The previous design led to manufacturing challenges causing minor, but poor aesthetics. The new geometry of the shape eliminated this issue while serving a functional purpose. The label graphics blended well with the shape and color of the HDPE bottle, providing a softer look. The shape also provided a larger billboard for branding and creativity.
How would you compare this redesign effort to others at Hartz?
Tom: Like all of our product launches, we commit ourselves to promoting the sustainability of our resources, making sure our consumers are safe while enjoying our products. When we look at a new launch or redesign, we have principles that we adhere to: The new packaging needs to easy for the consumer to use, better for the customer and better for the environment. Last but not least, the pet needs to love it!
Our packaging team is already working on the next generation products for our future which will leave a smaller footprint in the waste management system. For example, for our dog treats line of products, we will be launching with a flexible bag that is easy-to-use, but more importantly, is more recyclable.
What departments were involved?
Tom: The coupling of Hartz Mountain's packaging engineering and our valued external technical expertise helped deliver the overall project.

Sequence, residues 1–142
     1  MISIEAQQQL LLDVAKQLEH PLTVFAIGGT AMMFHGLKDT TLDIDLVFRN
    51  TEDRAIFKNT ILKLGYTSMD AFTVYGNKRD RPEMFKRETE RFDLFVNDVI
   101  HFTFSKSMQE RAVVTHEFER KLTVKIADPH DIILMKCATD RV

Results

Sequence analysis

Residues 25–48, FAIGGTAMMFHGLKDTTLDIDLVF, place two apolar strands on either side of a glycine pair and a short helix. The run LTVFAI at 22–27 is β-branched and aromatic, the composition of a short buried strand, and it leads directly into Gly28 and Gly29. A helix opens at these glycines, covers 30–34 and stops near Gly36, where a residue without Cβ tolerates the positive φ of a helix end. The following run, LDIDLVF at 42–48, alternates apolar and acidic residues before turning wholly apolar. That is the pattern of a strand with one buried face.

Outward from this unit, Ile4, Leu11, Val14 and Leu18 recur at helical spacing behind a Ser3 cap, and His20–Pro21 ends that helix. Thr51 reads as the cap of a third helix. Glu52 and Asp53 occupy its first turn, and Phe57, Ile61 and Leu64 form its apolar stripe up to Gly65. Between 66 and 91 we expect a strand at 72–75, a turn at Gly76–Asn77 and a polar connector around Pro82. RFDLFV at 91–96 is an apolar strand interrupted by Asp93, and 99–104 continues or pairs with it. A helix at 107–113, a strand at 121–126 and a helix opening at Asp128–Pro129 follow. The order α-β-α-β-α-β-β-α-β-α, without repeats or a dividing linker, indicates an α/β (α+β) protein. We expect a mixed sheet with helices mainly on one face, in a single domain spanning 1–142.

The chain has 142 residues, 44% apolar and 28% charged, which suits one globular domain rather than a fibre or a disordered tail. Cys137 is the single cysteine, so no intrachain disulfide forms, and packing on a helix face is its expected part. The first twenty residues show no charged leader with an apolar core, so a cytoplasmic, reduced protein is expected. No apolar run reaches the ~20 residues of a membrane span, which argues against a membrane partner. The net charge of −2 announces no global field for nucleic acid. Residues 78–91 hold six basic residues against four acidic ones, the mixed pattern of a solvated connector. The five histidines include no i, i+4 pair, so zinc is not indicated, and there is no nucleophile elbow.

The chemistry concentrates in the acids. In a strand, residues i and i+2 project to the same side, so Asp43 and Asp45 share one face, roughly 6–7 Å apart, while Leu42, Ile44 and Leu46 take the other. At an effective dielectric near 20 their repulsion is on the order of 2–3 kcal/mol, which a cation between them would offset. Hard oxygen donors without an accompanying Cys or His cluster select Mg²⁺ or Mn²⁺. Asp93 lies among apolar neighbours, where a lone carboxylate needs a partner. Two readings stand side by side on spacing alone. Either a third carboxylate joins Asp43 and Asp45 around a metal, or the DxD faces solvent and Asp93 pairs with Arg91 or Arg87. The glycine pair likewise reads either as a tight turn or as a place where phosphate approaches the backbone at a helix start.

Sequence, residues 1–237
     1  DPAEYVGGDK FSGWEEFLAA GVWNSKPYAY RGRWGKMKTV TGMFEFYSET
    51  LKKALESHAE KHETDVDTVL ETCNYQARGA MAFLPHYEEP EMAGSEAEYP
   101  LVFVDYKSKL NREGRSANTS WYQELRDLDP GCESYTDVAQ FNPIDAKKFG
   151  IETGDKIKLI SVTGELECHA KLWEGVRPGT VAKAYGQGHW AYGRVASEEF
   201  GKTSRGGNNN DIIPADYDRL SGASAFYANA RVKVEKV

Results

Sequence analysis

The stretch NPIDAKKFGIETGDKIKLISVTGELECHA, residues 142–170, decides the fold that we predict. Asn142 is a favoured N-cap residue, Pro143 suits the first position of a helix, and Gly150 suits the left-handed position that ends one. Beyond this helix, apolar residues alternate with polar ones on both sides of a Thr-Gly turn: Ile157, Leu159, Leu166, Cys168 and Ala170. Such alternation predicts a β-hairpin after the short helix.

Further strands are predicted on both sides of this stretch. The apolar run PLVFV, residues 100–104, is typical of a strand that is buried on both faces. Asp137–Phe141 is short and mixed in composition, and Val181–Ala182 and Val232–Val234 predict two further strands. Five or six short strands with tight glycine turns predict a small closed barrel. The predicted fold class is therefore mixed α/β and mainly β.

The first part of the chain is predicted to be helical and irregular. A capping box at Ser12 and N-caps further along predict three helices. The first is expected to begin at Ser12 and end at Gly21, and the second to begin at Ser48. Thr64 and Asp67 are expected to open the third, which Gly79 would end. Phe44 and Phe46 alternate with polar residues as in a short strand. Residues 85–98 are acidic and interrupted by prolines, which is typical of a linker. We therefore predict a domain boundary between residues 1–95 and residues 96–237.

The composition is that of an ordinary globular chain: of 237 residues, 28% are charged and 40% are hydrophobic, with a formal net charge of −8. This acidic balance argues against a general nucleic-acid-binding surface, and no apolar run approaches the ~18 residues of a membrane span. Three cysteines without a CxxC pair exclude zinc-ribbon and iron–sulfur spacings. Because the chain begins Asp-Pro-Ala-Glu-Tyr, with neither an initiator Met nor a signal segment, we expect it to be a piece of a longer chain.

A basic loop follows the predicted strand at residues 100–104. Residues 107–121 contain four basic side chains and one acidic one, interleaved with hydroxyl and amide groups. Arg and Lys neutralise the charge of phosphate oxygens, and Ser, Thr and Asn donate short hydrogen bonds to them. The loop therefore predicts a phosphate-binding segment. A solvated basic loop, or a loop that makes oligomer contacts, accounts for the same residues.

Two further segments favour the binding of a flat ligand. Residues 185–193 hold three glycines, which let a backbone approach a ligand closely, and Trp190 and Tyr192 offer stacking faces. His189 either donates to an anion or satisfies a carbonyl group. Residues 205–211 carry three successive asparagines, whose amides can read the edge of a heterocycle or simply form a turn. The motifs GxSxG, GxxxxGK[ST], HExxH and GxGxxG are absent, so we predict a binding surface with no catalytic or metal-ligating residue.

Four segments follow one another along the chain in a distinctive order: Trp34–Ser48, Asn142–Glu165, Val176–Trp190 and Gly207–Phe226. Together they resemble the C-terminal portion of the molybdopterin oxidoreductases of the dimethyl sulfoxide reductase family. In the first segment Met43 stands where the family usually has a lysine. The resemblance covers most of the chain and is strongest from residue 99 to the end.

In addition to our packaging expertise, this redesign was also driven by our brand team and creative services department. As an organization, we believe structure and graphics need to work together to appeal on shelf.
Each project we launch is supported with the right resources for a successful execution.
Without the support of our packaging suppliers, we would not have been able to deliver a superior bottle. Ocean State Packaging LLC supplied the bottle, Multi-Color Corp. printed and supplied the label and Berry Plastics Corp. supplied our Hartz-orange, polypropylene flip-top closure.
What packaging components are custom?
Tom: When redesigning the shampoo bottle for our consumers, we wanted a unique look that differentiates us on shelf. However, it was important that we kept functionality as top priority to make it as easy for our consumers to use.
The bottle is a custom design that lends itself to differentiation, but still easy to hold, grip and pour.
We've looked at different closure formats, everything from custom to stock, but found a stock design that worked really well with our bottle and for the consumer.
Who handled the graphics design?
Tom: Hartz Mountain has a strong and valued internal design group that was heavily involved in the graphics and appearance of the bottle. The creative group's vision was to ensure modernization and appeal during the redesign stages.
What was the effect on secondary packaging?